[Jake] actually tried rebuilding this project using ABS, thinking that the PLA may have been collecting moisture from his breath, but the result is still only 1/2″ sparks. He suspects that the bumpy surface of the plastic parts may be causing the charge to slowly leak away, preventing a nice build up. He’s released all of his designs on Thingiverse in case any other hackers want to give it a whirl.
[Ben Krasnow] is on a mission. He’s looking for the perfect chocolate chip cookie. To aid him in this noble endeavor, he’s created the cookie perfection machine. From cleaning with plasma, to a DIY CT scanner, to ruby lasers, to LED contact lenses, [Ben] has to be one of the most prolific and versatile hackers out there today. What better way to relax after a hard day of hacking than to enjoy a glass of milk and a perfect chocolate chip cookie?
This is actually an update to the machine we first saw back in 2012. [Ben] has loaded his machine up with ingredients, and has everything under computer control. The machine will now dispense the exact amount of ingredients specified by the computer, measured by a scale. Everything happens one cookie at a time. The only downside is that the machine doesn’t have a mixer yet. [Ben] has to mix a single cookie’s worth of dough for every data point. His experiments have returned some surprising results. Too little flour actually results in a crisper cookie, as the wetter dough spreads out to a thinner layer. [Ben] also found that adding extra brown sugar also doesn’t result in a more chewy cookie. Even though he’s still in the early experimentation phases, [Ben] mentions that since it’s hard to make a bad chocolate cookie, even his failures taste pretty good.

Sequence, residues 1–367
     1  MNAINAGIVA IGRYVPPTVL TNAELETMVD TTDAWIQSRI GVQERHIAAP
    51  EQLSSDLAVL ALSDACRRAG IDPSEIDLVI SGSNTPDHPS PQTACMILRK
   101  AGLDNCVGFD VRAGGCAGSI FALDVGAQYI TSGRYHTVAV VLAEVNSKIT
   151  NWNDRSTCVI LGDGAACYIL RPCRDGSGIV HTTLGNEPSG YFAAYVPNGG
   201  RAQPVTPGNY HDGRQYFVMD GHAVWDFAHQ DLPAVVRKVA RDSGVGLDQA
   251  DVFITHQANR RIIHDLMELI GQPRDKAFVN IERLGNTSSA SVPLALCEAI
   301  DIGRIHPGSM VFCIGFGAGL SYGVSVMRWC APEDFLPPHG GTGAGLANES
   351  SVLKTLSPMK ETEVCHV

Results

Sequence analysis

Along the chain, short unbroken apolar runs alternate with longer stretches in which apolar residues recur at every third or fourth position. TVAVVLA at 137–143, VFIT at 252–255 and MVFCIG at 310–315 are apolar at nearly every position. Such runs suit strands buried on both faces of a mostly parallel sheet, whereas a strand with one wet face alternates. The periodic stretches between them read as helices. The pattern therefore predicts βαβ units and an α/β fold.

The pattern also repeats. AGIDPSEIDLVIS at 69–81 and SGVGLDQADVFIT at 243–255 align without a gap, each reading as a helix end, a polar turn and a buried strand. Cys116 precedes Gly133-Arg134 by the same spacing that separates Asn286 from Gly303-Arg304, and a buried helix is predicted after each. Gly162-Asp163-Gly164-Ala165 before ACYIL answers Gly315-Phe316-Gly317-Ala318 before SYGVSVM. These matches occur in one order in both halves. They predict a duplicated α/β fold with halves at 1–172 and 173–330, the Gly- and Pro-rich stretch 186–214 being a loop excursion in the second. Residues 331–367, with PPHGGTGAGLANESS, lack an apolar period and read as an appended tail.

Continue reading “[Ben Krasnow] Did It All For The (Perfect) Cookie”
The boys over at North Street Labs built a handheld burning laser and made it look super simple. Well it’s not. We don’t think it’s hard either, but the only reason it looks so easy is because they really know what they’re doing.
The first step was to source the best parts for the application. They’re using a handheld flashlight body which is small but still leaves plenty of room for the components. Next they ordered a quality lens made for the wavelength of the diode, as well as a prefab driver board.